With just days to go before the shortest day we are already noting the later sunsets. Thanks to a commenter either last year or maybe even the year before who pointed me in the right direction of that information which means we are not scratching our heads at that happening!

So far the weather is mostly continuing to be kind, or perhaps we are just more used to it. We took delivery of our 8 apples trees ordered earlier this year and delivered once they were dormant and spent time today putting them in the ground. We have plans to gather seaweed from the beach to put around all the fruit trees and bushes which is a tip from the crofters of the past here on Rum to improve the ground and add nutrients.

The salamis are doing well in the polytunnel and all have a coating of white mold on them which looks a little alarming but I am assured is a vital part of the whole curing process so is a good thing. All other croft 3 creatures are doing well although with food scarce for free rangers they are hungry and eating lots at feeding times. We’ll be killing the largest male turkey at the weekend ready for our Christmas dinner and having made my first kill with the piglet I am planning to do this one which will be my first bird.

We have plans to celebrate the solstice with some yule themed activities on Sunday, more on that after the event.

We had a friend to stay this weekend for an early Christmas which was lovely and full of fizz, fun and festivities. Rum folk are thinning out in numbers massively with lots of the people heading off for the holiday already gone and the final exodus this coming weekend. We will be thin on the ground over Christmas I think, but with bolstered numbers over Hogmanay.

In other news I have been doing various pieces of writing work and the first came out in print this week with my complimentary copy arriving on the ferry today. A long held ambition finally coming to fruition.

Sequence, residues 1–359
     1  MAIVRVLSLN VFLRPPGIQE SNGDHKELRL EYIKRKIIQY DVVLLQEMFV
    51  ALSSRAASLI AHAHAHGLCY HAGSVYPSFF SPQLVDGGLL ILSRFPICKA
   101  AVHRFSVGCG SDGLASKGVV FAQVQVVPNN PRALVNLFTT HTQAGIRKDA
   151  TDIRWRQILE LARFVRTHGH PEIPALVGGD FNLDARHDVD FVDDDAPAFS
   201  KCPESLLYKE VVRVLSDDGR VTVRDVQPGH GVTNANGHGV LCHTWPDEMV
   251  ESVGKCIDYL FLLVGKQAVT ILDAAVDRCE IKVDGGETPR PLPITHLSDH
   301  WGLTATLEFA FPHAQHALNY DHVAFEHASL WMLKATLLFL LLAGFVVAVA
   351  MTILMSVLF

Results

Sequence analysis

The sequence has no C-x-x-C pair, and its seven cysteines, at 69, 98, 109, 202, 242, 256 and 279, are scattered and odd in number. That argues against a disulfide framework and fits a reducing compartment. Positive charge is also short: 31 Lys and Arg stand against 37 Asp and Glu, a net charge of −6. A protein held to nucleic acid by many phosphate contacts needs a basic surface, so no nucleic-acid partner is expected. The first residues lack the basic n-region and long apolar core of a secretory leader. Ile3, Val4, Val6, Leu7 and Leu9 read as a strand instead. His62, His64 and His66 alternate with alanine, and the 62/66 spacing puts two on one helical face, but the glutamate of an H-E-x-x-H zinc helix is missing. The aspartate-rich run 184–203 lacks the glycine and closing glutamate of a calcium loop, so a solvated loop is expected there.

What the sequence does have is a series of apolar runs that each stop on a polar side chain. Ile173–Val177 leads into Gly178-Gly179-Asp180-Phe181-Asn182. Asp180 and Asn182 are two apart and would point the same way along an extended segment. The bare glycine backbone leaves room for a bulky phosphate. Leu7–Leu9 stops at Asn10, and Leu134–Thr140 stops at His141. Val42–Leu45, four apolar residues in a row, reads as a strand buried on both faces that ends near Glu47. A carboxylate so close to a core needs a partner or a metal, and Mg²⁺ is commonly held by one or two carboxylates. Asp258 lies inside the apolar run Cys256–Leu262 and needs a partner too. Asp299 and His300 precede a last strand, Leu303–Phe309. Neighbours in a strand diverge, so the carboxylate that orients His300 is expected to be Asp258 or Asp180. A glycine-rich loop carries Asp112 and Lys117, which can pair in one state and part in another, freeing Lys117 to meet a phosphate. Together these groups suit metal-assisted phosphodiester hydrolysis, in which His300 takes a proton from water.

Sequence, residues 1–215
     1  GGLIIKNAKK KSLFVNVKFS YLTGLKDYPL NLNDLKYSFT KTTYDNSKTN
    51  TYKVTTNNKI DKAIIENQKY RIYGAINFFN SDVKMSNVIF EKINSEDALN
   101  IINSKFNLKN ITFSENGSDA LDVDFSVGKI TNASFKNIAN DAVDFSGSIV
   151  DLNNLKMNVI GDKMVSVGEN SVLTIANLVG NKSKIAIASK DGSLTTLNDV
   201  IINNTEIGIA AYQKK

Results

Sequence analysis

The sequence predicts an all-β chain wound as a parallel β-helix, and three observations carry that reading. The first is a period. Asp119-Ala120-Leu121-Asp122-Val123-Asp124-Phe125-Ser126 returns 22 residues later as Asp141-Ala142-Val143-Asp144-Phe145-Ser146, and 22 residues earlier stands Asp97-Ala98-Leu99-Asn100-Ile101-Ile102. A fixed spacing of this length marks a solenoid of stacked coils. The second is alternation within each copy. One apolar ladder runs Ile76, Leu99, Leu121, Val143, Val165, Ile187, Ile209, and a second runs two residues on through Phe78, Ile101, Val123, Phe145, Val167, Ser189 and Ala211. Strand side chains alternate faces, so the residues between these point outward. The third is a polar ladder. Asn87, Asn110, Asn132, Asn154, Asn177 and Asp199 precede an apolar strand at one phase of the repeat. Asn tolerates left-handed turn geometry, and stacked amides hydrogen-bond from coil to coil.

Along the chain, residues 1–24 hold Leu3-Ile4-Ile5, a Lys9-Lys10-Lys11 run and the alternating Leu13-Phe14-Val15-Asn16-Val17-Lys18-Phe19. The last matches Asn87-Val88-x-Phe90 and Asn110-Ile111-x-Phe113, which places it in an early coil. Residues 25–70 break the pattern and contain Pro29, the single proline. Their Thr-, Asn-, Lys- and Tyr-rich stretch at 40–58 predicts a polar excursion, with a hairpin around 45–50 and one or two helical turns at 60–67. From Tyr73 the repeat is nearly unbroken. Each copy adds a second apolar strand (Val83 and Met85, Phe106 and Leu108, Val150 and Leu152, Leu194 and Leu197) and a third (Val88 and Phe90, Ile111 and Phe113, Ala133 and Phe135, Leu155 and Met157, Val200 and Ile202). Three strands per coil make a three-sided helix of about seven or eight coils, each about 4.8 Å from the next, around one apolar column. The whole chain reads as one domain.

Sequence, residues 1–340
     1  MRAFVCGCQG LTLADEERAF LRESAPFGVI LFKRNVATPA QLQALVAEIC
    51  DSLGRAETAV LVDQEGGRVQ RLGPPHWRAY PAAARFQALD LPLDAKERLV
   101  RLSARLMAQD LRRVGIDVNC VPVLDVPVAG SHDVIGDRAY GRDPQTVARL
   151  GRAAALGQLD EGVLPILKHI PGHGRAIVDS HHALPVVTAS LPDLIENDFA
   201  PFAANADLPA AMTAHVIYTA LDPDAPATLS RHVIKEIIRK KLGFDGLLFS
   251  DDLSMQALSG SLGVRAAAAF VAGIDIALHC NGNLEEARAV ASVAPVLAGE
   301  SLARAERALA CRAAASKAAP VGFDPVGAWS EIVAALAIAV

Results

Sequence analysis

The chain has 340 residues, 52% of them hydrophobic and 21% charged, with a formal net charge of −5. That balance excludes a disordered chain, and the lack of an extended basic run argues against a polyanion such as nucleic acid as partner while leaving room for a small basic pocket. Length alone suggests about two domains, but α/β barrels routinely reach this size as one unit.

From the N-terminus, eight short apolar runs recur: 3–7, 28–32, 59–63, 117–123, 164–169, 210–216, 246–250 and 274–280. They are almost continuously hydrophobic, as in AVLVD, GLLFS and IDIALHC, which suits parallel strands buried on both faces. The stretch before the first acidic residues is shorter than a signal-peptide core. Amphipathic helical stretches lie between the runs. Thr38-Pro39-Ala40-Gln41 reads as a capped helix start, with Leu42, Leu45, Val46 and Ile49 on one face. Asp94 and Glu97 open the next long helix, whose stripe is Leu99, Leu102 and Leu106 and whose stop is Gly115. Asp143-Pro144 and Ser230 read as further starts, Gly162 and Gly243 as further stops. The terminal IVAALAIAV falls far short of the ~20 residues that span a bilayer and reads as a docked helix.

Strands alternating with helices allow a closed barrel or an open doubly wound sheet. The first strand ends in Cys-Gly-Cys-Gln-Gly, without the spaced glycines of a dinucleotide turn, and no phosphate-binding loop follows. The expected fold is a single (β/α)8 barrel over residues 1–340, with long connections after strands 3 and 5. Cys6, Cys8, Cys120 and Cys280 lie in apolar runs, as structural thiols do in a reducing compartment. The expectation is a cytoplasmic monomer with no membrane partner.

Weather Bomb

The Isle of Rum has been right in the middle of the area most affected by the Weather Bomb that has hit the UK. On the news there are tales of closed schools, disrupted roads and traffic, cancelled ferries, closed bridges, washed away coastal kids playgrounds.

We have been overwhelmed – locally by emails, texts, visitors to the croft and phonecalls to check we are okay from our fellow Rum folk. On a wider scale we have had the same from family and friends scattered all around checking in with us to make sure we are still here, still safe and to let us know they are thinking of us.

The reality of life on a remote Scottish island is this. Ferries will be cancelled throughout the winter (and also sometimes in the summer, autumn and spring!) – you need to be sure you have enough bottled gas, petrol and diesel to fuel your car, your chainsaw, your generator. You need to have a good stash of tinned and dried goods because there will be times when there is no fresh milk, fresh veg or cigarettes (if you smoke, we don’t!). You will need decent waterproof outerwear and to carry a torch at all times. In the summer there will be midges. And ticks. And clegs. The weather might be gorgeous, it equally might be worthy of yet more cancelled ferries. The trade off for it still being daylight at 11pm and sunrise again before 4am in the summer is a scant six hours (sometimes five and a half) of daylight in the winter. Weather permitting.